Saber's War on Graffiti Print
One of the most famous figures in conflict and war theory said, almost 2500 years ago, “The supreme art of war is to subdue the enemy without fighting.” We are talking about the Chinese general, strategist and philosopher Sun Tzu. But we are not talking about the art of war here, are we? No, we want to talk about the war on art.
Saber is one of the most respected graffiti artists in Los Angeles. He is the creator of the largest graffiti ever painted. Unfortunately, his story (and ours) is the story covered in the veil of art destruction. The artist talks about an entire industry created to cover up graffiti, and it has a self-proclaimed mission of “war on graffiti”. It is said that millions and millions of dollars is being spent not to promote or encourage art, but destroy it. This is what triggered the artist’s quest for looking what is behind the weapon of suppression used by the infamous industry – the color beige. As the artist says, his story is about risking one’s own freedom for the sake of a greater cause. So, what can that be?
The Superb Print
Saber draws the inspiration for his prints from the acts of covering art with what he calls the color of the new world order. It is the beige created by the process of sandblasting the walls embellished with graffiti art. He crates complex prints which cover the thick paper with numerous layers of paint, covered with the notorious beige. The quality of the print represents layers of oppression which clouds the art in it’s mission to destroy it. The prints carry a message of the eternal value of color and shape, a mark that is carved in the intricate fabric of history. The edition of artwork is called Colores Para Siempre, and it is available at 1xrun before the end of July 21st 2014.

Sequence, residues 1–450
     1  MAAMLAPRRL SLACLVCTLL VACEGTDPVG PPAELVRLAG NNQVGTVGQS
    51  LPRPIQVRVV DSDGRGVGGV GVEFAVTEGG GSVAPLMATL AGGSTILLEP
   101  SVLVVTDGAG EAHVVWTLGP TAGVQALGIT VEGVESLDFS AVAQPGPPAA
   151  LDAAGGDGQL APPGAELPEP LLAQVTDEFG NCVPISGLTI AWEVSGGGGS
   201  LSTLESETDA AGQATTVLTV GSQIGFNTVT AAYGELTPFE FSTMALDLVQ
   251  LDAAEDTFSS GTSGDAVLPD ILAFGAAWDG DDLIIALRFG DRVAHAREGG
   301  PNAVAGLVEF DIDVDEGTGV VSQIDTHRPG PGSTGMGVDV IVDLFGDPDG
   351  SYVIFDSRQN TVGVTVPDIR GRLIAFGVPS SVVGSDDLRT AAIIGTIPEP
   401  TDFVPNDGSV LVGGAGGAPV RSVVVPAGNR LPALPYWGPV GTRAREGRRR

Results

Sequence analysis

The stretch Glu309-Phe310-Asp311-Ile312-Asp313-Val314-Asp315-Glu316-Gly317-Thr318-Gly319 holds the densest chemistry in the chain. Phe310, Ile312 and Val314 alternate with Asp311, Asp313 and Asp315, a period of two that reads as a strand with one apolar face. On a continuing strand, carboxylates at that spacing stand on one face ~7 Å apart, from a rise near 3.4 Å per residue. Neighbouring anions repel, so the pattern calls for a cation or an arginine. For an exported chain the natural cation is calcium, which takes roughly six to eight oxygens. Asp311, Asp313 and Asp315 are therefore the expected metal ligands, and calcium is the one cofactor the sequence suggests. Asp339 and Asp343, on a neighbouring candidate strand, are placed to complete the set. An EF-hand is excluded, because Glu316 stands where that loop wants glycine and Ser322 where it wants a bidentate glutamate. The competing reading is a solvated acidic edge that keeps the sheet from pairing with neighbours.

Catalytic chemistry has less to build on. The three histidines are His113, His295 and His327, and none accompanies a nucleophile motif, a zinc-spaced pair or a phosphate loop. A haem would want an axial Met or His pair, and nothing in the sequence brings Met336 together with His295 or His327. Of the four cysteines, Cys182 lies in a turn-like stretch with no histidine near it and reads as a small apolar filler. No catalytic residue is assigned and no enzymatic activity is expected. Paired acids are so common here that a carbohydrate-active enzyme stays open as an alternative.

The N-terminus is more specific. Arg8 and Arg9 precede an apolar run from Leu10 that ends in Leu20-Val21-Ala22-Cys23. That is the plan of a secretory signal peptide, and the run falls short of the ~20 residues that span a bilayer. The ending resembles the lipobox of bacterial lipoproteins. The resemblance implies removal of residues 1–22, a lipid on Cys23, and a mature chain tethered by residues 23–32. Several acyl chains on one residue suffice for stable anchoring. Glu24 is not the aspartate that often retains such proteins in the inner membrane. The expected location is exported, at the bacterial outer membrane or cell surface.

Saber’s War is Everybody’s War
We started with words 2,500 years old. But, what of the word today? Since the founding of United Nations, the word “war” has been excluded from the vocabulary of international law. However, it is still extensively used by individuals who wish to abuse power within their own communities. This is what the artist is trying to communicate through his work. It is the story of taking a stand, or, in Saber’s own words: “If you have a dream, a wish, you need to do it, and fight for it! If you give up, why live?” So, is there a greater cause?